Due to restrictions on walking in many South African National Parks because of the danger of the Big Five, automobile travel is the way that most visitors get to see the parks. If you are going to be driving through a national park, the best mode of safari-style travel is in the back of a game driving vehicle (GDV). GDV’s are essentially a truck with a raised bed that is lined with seats, shaded by a sun roof and enclosed with helpful side panels that keep passengers safely away from any dangerous animals. Instead of being cramped in a van pressing your face (or binoculars!) to the window to try and spot an animal, GDV’s allow you to feel the wind in your hair, the dirt in your mouth, and the sun in your eyes. Do not forget your sunglasses or sunscreen, and maybe a bandana to cover your mouth. Since I associate national parks with outdoors experiences, driving in GDV’s allowed me to feel like I was experiencing the nature of the park more, even though I was not actually walking around in it. However even in GDV’s, automobile traffic could not be avoided. People come to parks like Kruger National Park to see the animals, so naturally when a pride of lions is next to the road the cars flock to it and create a traffic jam. Fortunately, those in GDV’s often have a higher vantage point and these jams do not reduce animal spotting ability. During these jams, I often found myself wondering what impacts the presence of so many cars were having on the animals and their stress levels. As tourism increases even further to Kruger and other similar parks I think that traffic management and limitation will become an even greater issue.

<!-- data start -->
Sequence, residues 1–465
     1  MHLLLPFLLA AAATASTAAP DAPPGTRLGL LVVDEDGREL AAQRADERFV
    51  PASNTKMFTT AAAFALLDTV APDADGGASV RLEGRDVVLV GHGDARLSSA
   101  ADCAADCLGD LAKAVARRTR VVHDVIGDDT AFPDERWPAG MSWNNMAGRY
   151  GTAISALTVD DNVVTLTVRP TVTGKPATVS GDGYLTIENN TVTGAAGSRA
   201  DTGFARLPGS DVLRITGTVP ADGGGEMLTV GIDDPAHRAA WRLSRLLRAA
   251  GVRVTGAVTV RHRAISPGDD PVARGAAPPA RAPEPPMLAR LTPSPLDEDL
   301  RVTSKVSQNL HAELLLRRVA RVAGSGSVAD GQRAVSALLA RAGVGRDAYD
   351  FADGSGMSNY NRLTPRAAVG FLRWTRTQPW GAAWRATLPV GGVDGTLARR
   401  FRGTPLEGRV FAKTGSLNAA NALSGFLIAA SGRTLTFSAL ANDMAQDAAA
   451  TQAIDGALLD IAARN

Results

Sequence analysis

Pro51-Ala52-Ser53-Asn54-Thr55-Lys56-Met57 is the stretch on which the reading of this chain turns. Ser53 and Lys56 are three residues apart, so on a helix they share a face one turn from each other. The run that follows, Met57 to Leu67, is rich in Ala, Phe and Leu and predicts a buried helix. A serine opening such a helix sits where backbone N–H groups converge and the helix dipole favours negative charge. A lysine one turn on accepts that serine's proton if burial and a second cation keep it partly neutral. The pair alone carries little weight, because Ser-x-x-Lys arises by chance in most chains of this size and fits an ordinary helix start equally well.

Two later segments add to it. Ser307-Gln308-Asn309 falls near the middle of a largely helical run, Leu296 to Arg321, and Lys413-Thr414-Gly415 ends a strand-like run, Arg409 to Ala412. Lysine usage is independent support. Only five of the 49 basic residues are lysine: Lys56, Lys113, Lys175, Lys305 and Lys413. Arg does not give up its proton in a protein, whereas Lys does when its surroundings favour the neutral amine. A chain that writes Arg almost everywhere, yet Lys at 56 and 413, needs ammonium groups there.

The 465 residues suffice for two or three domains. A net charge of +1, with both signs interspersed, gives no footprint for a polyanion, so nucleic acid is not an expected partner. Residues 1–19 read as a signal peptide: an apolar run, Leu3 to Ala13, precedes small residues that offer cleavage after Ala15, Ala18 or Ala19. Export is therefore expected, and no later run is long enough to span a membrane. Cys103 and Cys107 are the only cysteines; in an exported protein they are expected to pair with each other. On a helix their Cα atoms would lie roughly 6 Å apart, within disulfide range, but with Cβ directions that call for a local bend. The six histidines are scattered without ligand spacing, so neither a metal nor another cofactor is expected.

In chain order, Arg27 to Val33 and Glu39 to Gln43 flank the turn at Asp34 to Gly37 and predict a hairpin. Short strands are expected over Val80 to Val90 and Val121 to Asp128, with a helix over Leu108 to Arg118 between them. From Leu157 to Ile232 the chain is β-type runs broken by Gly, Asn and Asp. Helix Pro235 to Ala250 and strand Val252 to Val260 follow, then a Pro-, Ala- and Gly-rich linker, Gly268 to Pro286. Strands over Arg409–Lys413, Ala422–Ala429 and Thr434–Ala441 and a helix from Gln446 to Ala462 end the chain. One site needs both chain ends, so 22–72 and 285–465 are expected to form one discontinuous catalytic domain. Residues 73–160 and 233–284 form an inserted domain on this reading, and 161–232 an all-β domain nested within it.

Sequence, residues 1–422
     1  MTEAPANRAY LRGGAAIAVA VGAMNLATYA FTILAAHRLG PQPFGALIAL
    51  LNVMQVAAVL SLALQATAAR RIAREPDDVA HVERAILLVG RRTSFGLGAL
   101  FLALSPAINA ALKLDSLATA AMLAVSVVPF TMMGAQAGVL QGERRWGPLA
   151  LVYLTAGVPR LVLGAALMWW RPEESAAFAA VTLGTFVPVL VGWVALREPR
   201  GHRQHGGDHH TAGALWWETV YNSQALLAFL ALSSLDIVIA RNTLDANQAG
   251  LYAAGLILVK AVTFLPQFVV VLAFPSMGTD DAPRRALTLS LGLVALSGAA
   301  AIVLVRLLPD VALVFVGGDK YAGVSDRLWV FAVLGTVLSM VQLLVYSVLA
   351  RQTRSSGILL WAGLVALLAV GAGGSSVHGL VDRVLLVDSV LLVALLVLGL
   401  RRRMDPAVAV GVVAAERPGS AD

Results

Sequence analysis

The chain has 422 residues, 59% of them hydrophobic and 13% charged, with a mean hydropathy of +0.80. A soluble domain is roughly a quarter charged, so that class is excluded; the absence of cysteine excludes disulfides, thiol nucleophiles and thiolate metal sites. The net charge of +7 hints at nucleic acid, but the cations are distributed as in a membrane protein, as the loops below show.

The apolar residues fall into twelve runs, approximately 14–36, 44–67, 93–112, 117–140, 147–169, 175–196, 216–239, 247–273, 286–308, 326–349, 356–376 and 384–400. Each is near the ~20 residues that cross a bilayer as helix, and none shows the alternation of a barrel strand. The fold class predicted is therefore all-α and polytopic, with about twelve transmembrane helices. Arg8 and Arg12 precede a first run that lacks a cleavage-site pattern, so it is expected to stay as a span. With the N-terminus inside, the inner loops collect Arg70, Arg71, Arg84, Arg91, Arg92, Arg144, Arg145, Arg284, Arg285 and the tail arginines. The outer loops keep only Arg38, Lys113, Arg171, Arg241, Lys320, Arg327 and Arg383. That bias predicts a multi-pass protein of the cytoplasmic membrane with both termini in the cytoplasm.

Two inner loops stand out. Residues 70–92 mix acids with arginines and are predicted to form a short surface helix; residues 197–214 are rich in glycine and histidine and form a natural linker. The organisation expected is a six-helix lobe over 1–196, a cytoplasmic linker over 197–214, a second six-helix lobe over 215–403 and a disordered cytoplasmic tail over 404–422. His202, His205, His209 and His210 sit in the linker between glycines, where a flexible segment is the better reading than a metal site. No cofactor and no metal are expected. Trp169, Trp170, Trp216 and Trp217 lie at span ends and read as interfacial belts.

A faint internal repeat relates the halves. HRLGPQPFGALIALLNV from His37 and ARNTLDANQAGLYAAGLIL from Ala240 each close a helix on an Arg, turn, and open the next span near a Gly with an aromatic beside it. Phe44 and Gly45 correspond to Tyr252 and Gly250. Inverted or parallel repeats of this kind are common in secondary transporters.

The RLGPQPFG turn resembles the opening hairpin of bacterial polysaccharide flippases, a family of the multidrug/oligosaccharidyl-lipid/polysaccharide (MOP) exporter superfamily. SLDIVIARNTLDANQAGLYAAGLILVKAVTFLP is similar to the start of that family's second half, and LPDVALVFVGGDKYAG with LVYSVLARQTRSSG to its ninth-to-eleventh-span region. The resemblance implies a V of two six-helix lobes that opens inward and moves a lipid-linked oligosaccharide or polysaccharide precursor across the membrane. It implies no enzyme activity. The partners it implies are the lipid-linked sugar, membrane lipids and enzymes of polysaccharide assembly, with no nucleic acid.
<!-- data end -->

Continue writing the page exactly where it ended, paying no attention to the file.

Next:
My biggest lesson in Hong Kong car culture came, unexpectedly, from a lecture in my computer science class. Our professor was explaining “if statements” to us. During his explanation, he said that unlike in the West, people in Hong Kong take a much more practical and economic approach to deciding whether or not to marry someone. In the C programming language, the evaluation looks like this:
if (<He has a car> && <He has an apartment>)
<Don’t marry him>;